Inside Story

An electrifying story of low-tech power

Affordable electronics are beginning to provide solar power to rural Malaysia where large-scale projects have failed

Christine Horn & Raine Melissa Riman 19 October 2016 1496 words

Paying off: the rural community of Long San, where small-scale solar is gaining ground. Christine Horn

In Long Tungan, an indigenous community in rural Malaysia, local resident Ajan has recently started to experiment with solar electrification. Several medium-sized solar panels on the roof of his stairwell are connected to a cluster of interconnected car batteries. “It powers the light during the night and the television in the evening,” he says, “and in the daytime the fan and the fridge.” He opens the fridge to demonstrate that it is cold inside. “We can even run the washing machine. Only sometimes, when the weather is not good, I need to start the generator as well.”

In this part of Sarawak, not connected to the national electricity grid, small-scale solar electricity is proving successful where larger projects have failed. For Ajan, the experiment is certainly paying off. “I only bought this a few months ago, but the cost was not that high. For one panel, including the battery, I pay around 300 ringgit. The smaller ones are only 250. This whole setup cost no more than 1000 ringgit.” At this price, two large panels with batteries and an inverter can pay for themselves within a month or two, depending on usage. This means that solar installations have become affordable even here, where most people have little income other than from cash crops and their children’s remittances.

Downriver, the community of Long San is also looking to small-scale solar, after years of failed projects by the Malaysian government and non-government organisations to bring electricity to the area. At present, Long San’s clinic, airport, and primary and secondary schools (which serve the whole region) all rely on diesel or petrol generators. Fuel has to be hauled in from the coast via logging roads, a drive of at least four hours in good weather.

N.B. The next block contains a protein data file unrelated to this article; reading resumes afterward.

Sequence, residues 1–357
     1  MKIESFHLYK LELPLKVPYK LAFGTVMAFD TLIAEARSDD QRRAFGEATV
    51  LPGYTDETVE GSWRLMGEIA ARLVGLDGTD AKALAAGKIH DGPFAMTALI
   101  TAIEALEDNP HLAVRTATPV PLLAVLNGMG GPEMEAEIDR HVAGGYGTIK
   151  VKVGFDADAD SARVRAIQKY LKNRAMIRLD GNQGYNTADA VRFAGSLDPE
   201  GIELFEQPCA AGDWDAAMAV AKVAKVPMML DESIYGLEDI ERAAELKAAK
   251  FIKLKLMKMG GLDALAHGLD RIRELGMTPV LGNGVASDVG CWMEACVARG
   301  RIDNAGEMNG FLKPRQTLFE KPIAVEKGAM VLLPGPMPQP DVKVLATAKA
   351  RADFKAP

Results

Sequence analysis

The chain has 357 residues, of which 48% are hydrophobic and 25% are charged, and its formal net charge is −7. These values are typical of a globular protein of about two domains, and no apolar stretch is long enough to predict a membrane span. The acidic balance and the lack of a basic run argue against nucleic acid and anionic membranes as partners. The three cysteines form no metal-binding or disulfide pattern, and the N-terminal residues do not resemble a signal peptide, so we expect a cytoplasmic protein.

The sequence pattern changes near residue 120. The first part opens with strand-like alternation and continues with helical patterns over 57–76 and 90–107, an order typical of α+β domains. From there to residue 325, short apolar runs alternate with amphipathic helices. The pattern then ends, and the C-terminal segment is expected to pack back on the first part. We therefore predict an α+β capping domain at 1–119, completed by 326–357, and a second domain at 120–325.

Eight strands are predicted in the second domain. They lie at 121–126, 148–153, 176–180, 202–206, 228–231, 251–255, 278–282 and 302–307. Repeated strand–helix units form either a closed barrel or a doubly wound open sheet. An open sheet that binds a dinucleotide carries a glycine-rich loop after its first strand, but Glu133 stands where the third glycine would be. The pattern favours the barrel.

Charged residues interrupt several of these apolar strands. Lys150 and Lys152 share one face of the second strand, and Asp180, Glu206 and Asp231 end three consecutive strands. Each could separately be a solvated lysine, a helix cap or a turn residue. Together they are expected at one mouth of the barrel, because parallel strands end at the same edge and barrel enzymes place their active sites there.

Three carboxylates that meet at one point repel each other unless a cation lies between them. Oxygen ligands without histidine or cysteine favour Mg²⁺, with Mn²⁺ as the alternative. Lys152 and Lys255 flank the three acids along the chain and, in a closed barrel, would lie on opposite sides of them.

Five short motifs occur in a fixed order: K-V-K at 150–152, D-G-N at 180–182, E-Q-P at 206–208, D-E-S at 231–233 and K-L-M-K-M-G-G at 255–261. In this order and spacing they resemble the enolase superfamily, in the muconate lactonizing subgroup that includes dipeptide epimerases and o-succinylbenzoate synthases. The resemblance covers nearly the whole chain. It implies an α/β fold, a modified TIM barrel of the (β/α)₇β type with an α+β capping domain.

Villages in this part of Sarawak are only accessible via logging road, like this one near Long Julan, Baram. Christine Horn

In 2009, the Malaysian government agreed to fund a mini-hydroelectric project in Long San, to provide electricity for the whole community. Cables were installed across the village and switches fitted in each house. But after a reported RM2.4 million (A$760,000) had been spent, the project was abruptly abandoned. It was part of a pattern of failure with mini- and micro-hydroelectric projects – sometimes including solar installations – in Sarawak’s rural communities.

Then, as part of the Sarawak state government’s project to build twelve hydroelectric “mega dams,” a dam on the Baram river was proposed, which would have seen Long San under one hundred metres of water by 2020 because of its location within the reservoir area. But after months of protests and blockades, the dam project was finally put on hold this year. People in Long San and the surrounding villages point out that the hydroelectric dam would not, in any case, have provided the area with electricity. The Bakun dam, a hydroelectric project in Sarawak completed in 2011, caused the resettlement of thousands of indigenous people, but in their new resettlement site people still rely on generators, with the electricity transmission lines from the dam looming overhead.

Over the past two years, Long San has begun to develop solar power options. At first, small solar-powered devices, like radios and LED lanterns, appeared around people’s houses. Then, people started using solar panels just larger than an A3 sheet of paper and connected to a battery with an integrated inverter smaller than a shoebox. These can power several LED light bulbs for a whole night. More recently, larger panels have become available, which can power other electrical devices as well.

What has made solar panels available at this price, and how has the technology become accessible to people in this remote region?

The answer lies a couple of kilometres south of Long San, in a place locally known as Kilometre Ten, or Kilo Ten, otherwise known as the Samling Baram Central Base Camp. It is the local headquarters of the biggest logging company operating in the area, Samling Timber Sdn Bhd. Kilo Ten is a village of its own, with accommodation for workers and their families, shops, canteens and several restaurants, a church, a nearby veneer factory, a helicopter pad, various mechanics workshops, and the company’s local offices. The size of the camp suggests the scope of Samling’s operations in the area. During the day, logging trucks laden with the relatively scrawny leftovers of decades of timber extraction make their way past the camp to the central log pond. Samling has been a feature of people’s lives here for years.